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India India's Unwanted Girls

Discussion in 'Breaking News' started by Admin Singh, May 23, 2011.

  1. Admin Singh

    Admin Singh
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    India's 2011 census shows a serious decline in the number of girls under the age of seven - activists fear eight million female foetuses may have been aborted in the past decade. The BBC's Geeta Pandey in Delhi explores what has led to this crisis.

    Kulwant has three daughters aged 24, 23 and 20 and a son who is 16.

    In the years between the birth of her third daughter and her son, Kulwant became pregnant three times.

    Each time, she says, she was forced to abort the foetus by her family after ultrasound tests confirmed that they were girls.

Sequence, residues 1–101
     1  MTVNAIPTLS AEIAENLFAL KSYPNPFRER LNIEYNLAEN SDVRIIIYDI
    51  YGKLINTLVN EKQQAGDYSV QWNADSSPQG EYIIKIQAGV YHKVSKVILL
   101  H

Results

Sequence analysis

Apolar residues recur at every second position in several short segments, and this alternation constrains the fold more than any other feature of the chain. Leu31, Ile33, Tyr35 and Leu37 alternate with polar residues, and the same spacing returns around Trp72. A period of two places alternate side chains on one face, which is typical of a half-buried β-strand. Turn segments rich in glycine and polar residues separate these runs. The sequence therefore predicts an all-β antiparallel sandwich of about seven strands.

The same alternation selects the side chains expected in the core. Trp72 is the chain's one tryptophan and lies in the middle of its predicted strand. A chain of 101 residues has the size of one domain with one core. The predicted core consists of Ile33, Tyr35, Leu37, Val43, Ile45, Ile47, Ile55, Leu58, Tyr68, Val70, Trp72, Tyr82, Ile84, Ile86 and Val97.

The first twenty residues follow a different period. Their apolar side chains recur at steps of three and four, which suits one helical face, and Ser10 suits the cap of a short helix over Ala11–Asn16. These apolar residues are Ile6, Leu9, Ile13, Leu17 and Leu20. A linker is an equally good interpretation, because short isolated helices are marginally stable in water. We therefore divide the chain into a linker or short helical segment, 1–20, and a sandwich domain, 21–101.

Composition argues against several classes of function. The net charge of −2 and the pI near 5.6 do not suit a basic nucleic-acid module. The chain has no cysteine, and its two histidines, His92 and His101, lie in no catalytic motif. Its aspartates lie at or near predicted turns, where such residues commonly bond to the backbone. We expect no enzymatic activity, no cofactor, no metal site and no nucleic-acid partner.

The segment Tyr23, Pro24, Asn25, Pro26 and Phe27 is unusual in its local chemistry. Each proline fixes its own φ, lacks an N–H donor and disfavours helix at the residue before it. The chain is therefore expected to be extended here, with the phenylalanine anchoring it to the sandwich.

"My mother-in-law taunted me for giving birth to girls. She said her son would divorce me if I didn't bear a son."

    Kulwant still has vivid memories of the first abortion. "The baby was nearly five months old. She was beautiful. I miss her, and the others we killed," she says, breaking down, wiping away her tears.

    Until her son was born, Kulwant's daily life consisted of beatings and abuse from her husband, mother-in-law and brother-in-law. Once, she says, they even attempted to set her on fire.

    "They were angry. They didn't want girls in the family. They wanted boys so they could get fat dowries," she says.

    India outlawed dowries in 1961, but the practice remains rampant and the value of dowries is constantly growing, affecting rich and poor alike.

    Kulwant's husband died three years after the birth of their son. "It was the curse of the daughters we killed. That's why he died so young," she says.

    Common attitude

    Her neighbour Rekha is mother of a chubby three-year-old girl.

    Last September, when she became pregnant again, her mother-in-law forced her to undergo an abortion after an ultrasound showed that she was pregnant with twin girls.

    "I said there's no difference between girls and boys. But here they think differently. There's no happiness when a girl is born. They say the son will carry forward our lineage, but the daughter will get married and go off to another family."